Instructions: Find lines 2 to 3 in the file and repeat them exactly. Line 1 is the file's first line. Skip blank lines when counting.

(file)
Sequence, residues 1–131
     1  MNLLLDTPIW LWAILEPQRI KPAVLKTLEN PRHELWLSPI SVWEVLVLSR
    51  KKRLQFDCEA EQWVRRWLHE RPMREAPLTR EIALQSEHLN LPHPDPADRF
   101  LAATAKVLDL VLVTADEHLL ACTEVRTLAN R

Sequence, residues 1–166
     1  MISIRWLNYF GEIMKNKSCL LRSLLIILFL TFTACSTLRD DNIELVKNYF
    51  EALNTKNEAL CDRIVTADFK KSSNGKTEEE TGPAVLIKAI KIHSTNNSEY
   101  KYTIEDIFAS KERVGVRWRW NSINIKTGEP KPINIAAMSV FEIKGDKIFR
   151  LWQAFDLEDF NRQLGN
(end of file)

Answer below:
     1  MNLLLDTPIW LWAILEPQRI KPAVLKTLEN PRHELWLSPI SVWEVLVLSR
    51  KKRLQFDCEA EQWVRRWLHE RPMREAPLTR EIALQSEHLN LPHPDPADRF